tion on this legislation."



(5) NRS 396.090 states:



1. The Board of Regents may employ a clerk of the

Board, who shall not be a teacher in the Uni-

versity of Nevada.



2. The clerk shall:



(a) Receive a salary of $25 per month.

(b) Keep a full record of all proceedings of

the Board.



Chancellor Humphrey recommended that this section be

amended to read: "The Board of Regents may employ a

Secretary of the Board who shall keep a full record

of all proceedings of the Board."



Motion by Mr. Jacobsen, seconded by Mr. Bilbray, car-

ried without dissent that the above recommendation

be approved.



(6) NRS 396.120 reads: In each odd-numbered year, the

Board of Regents shall:



1. Report to the Governor all transactions of the

Board and all other matters pertaining to the

University.



2. Transmit, with such report, copies of the Presi-

dent's annual reports.



Chancellor Humphrey recommended that this be amended

to read: "The Secretary of the Board of Regents

shall transmit to the Governor a copy of the approved

minutes of each regular meeting of the Board."



Motion by Mr. Bilbray, seconded by Mr. Jacobsen, car-

ried without dissent that the above recommendation

be approved.



(7) NRS 396.210 reads:



1. After consultation with the faculty, the Board of

Regents shall appoint a President of the Univer-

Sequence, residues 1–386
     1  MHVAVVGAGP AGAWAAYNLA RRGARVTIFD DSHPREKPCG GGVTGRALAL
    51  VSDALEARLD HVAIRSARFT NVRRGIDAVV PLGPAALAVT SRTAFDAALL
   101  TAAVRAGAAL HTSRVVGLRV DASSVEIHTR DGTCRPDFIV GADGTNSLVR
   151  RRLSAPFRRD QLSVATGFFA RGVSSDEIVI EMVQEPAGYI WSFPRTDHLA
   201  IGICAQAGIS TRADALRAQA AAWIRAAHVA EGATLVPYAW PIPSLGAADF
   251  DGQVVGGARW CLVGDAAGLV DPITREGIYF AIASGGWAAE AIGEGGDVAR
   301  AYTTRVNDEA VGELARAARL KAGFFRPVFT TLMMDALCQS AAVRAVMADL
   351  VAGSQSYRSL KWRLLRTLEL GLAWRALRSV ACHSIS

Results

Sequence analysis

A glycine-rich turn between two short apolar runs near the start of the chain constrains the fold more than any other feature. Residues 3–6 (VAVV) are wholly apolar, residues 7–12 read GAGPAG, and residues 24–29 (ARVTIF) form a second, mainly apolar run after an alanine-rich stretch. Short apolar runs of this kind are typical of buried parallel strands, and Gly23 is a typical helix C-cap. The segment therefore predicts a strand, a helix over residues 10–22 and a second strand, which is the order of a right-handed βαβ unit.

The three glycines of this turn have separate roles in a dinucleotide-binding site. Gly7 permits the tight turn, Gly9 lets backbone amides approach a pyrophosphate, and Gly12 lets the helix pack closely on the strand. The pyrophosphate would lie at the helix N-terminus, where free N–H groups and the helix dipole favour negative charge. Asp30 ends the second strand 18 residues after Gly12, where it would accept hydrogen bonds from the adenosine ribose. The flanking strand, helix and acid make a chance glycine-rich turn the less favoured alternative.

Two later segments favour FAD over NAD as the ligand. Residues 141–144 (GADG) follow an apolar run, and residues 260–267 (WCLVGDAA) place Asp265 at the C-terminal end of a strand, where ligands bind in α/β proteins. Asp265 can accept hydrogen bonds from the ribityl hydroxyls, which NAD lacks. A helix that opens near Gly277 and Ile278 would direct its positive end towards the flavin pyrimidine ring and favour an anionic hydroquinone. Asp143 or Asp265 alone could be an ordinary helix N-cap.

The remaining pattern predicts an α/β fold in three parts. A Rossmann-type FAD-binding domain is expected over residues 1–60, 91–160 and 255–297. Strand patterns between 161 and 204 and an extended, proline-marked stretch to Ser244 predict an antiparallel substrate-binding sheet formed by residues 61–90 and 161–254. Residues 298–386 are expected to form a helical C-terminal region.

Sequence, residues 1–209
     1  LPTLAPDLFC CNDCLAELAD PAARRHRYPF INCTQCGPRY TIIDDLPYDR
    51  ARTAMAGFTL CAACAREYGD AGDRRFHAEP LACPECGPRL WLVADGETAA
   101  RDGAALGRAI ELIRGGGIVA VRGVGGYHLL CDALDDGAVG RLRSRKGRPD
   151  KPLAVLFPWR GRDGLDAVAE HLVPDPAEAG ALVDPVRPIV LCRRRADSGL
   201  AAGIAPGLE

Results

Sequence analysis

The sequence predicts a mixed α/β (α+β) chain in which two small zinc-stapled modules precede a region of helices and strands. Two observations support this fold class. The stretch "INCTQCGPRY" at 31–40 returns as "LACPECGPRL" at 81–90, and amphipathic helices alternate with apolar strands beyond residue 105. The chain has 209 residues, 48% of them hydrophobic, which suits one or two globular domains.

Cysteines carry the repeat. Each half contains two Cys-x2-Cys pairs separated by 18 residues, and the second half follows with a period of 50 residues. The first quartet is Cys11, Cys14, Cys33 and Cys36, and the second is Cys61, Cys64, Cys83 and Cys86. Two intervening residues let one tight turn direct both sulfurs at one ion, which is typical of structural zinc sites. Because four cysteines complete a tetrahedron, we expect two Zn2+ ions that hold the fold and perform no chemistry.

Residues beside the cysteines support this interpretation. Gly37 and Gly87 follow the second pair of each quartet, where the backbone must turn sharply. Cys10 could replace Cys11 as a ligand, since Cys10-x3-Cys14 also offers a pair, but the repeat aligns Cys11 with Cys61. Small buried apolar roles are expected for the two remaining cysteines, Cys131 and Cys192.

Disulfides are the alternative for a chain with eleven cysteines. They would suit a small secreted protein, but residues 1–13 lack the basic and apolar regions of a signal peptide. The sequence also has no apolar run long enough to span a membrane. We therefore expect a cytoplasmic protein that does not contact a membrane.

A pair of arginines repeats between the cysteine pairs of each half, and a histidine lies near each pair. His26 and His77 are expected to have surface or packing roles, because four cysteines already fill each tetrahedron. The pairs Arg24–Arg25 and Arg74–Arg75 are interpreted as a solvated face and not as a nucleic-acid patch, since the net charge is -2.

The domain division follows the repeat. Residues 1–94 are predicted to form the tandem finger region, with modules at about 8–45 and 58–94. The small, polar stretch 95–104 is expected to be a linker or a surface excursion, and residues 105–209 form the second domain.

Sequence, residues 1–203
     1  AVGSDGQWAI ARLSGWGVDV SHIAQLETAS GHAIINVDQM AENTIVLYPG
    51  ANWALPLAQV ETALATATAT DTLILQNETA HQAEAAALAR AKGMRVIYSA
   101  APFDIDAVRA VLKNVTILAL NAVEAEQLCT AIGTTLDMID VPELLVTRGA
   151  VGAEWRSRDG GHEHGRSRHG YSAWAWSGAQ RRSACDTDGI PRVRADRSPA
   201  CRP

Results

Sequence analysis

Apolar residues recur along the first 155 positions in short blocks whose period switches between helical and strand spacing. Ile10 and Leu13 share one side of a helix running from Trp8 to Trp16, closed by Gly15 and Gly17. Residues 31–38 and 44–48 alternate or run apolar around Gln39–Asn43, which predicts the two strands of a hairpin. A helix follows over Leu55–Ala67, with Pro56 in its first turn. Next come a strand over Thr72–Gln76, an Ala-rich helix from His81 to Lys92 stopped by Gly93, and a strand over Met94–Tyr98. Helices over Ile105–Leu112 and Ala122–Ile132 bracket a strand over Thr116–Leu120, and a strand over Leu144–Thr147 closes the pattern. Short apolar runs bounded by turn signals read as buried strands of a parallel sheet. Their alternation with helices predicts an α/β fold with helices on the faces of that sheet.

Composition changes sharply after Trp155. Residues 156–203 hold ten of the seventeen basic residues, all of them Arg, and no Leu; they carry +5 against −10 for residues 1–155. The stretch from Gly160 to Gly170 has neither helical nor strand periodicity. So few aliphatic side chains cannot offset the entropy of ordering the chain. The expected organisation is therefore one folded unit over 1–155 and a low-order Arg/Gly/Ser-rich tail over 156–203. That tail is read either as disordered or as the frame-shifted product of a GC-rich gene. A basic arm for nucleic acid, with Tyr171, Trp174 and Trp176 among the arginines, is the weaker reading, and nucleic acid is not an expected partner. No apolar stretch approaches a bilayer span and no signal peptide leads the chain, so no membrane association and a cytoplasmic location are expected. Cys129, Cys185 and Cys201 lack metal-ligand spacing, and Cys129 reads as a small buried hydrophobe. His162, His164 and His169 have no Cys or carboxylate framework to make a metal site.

sity of Nevada.



2. The President shall have a degree from a College

or University recognized as equal in rank to

those having membership in the Association of

American Universities.



Chancellor Humphrey recommended that this section be

amended by substituting "Chancellor" for "President"

and adding "System" after University of Nevada.



Motion by Mr. Bilbray, seconded by Mr. Seeliger, car-

ried with Mr. Jacobsen opposing that the above recom-

mendation be approved.



(8) NRS 396.220 reads: The Board of Regents shall have

the power to fix the salary of the President of the

University.



Chancellor Humphrey recommended that this section be

amended by substituting "Chancellor" for "President"

and adding "of the University of Nevada System."



Motion by Mr. Seeliger, seconded by Mr. Bilbray,

carried without dissent that the above recommenda-

tion be approved.